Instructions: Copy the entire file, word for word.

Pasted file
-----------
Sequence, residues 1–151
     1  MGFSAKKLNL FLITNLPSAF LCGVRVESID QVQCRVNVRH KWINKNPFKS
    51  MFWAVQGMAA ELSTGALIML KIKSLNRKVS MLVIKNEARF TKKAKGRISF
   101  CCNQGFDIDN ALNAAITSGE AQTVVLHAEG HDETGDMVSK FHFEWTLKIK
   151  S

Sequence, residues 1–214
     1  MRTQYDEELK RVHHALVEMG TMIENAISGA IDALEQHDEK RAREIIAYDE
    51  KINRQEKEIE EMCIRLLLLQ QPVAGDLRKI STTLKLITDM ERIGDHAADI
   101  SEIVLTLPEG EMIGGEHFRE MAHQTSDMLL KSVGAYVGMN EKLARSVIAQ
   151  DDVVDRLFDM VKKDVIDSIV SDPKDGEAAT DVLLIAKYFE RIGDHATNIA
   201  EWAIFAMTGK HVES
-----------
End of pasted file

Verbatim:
Sequence, residues 1–151
     1  MGFSAKKLNL FLITNLPSAF LCGVRVESID QVQCRVNVRH KWINKNPFKS
    51  MFWAVQGMAA ELSTGALIML KIKSLNRKVS MLVIKNEARF TKKAKGRISF
   101  CCNQGFDIDN ALNAAITSGE AQTVVLHAEG HDETGDMVSK FHFEWTLKIK
   151  S

Sequence, residues 1–214
     1  MRTQYDEELK RVHHALVEMG TMIENAISGA IDALEQHDEK RAREIIAYDE
    51  KINRQEKEIE EMCIRLLLLQ QPVAGDLRKI STTLKLITDM ERIGDHAADI
   101  SEIVLTLPEG EMIGGEHFRE MAHQTSDMLL KSVGAYVGMN EKLARSVIAQ
   151  DDVVDRLFDM VKKDVIDSIV SDPKDGEAAT DVLLIAKYFE RIGDHATNIA
   201  EWAIFAMTGK HVES